The project was “quite impressive for its time,” he added, noting that the lessons he learned working on constructing energy efficient schools led to him being asked to make presentations to architects, engineers and state school officials across the U.S.
“That was really fun — I got to travel a lot,” Bratlie says. “I made over 65 presentations nationwide on construction of energy efficient schools.”
After retiring from Elk River, Bratlie’s expertise in energy efficient construction led to starting his own company, ABC (Administration, Business & Construction) Educational Consulting.
“Then I worked for the Osseo school district as an energy efficiency coordinator for two years,” he continued. “My charge was to save $1 million in energy costs over two years, which we did.
“I retired for the second time at Osseo, then got a call from Northland Community Schools to take an interim job in 2010-11, because their superintendent had left.”
After finishing out the year at Northland, he retired again — until he got the call to take another interim position with Warren-Alvarado-Oslo.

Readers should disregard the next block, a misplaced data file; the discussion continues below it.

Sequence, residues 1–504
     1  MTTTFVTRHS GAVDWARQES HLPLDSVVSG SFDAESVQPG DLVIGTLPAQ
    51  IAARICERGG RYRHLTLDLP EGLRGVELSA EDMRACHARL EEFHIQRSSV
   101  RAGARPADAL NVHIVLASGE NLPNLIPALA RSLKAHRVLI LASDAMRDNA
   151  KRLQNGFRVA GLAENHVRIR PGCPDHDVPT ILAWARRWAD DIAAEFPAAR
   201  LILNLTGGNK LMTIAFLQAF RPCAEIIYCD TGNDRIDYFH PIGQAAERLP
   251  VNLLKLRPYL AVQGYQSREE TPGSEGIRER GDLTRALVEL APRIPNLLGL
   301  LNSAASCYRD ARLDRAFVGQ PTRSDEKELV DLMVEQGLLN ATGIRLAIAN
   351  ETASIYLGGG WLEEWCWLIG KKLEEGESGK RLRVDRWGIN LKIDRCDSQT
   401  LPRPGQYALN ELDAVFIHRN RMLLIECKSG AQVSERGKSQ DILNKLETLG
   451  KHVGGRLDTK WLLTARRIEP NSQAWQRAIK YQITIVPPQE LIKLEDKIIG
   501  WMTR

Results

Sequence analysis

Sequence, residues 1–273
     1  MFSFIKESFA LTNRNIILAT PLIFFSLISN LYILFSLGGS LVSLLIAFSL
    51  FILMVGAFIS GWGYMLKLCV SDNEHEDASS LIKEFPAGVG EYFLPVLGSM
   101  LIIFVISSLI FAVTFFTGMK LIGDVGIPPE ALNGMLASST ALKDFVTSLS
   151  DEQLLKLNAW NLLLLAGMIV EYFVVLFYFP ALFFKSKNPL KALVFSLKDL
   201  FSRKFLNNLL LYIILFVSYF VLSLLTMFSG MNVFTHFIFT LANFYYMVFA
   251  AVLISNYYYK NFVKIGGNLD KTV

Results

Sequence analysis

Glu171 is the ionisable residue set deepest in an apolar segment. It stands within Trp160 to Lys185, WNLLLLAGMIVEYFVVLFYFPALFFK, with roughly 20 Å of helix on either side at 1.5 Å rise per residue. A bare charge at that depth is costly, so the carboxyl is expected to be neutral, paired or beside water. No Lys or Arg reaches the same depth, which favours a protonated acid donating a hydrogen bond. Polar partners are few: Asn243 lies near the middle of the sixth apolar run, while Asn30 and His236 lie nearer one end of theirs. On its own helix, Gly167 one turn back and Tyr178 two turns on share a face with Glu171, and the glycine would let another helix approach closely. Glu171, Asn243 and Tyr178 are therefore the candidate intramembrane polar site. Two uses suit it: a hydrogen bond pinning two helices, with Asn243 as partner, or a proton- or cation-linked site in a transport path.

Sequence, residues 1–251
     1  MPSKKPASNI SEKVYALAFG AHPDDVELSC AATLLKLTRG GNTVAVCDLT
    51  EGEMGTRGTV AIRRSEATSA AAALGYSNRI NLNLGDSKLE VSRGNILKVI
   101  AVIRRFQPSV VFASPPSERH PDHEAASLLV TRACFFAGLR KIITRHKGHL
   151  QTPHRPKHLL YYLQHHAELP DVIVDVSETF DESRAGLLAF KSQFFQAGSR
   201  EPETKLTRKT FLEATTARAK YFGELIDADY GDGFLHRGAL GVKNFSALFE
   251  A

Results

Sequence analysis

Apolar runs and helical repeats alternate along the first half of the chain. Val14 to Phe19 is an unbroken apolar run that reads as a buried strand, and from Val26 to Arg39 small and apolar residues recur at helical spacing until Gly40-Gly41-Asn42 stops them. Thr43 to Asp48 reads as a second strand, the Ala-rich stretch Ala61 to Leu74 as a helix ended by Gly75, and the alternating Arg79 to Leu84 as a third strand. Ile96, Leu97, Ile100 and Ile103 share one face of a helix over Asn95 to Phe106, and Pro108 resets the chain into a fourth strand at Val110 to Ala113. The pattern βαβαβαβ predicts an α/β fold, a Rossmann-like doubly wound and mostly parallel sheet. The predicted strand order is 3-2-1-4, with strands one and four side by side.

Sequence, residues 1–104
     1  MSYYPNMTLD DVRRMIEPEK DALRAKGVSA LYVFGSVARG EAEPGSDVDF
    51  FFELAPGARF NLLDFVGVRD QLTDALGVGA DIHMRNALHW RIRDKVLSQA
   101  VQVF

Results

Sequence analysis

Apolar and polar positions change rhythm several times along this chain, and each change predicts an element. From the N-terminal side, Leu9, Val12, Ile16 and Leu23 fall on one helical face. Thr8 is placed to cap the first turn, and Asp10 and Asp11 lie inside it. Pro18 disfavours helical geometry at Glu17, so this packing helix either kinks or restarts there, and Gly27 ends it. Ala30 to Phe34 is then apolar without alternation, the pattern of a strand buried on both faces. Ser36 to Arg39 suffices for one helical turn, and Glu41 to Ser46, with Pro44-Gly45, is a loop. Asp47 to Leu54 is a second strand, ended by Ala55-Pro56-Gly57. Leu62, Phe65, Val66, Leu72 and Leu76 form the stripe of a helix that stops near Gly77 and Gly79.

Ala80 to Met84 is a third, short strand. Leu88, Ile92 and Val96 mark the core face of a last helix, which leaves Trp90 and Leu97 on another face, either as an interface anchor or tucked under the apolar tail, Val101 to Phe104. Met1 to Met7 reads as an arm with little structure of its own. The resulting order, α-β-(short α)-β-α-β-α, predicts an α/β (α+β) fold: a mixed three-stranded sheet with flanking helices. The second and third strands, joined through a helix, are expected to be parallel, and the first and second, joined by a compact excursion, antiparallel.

“I’ve been there for a year and a half — it was supposed to be seven months.”
This time, however, he means it when he says, “I’m done in June.”
One thing he won’t miss is the long commute from his lake home in Detroit Lakes to his job in Warren. He and Gina have no intention of leaving Detroit Lakes anytime soon.
“The lake is our home,” Bratlie says. “My wife is from Michigan, and she even likes it here, so I think we’re staying.”
Their two children, Matthew and Kari, “spend as much time here as they possibly can,” even though Matthew is busy completing his graduate degree at Augsburg College, and Kari works as an assistant bank manager in St. Cloud.
The first time he and Gina thought about selling their home on Lake Eunice, their children, Matthew and Kari, protested vociferously.
“I think this lake house will be in our family for a long time,” he says.
Follow Detroit Lakes Newspapers reporter Vicki Gerdes on Twitter at @VickiLGerdes.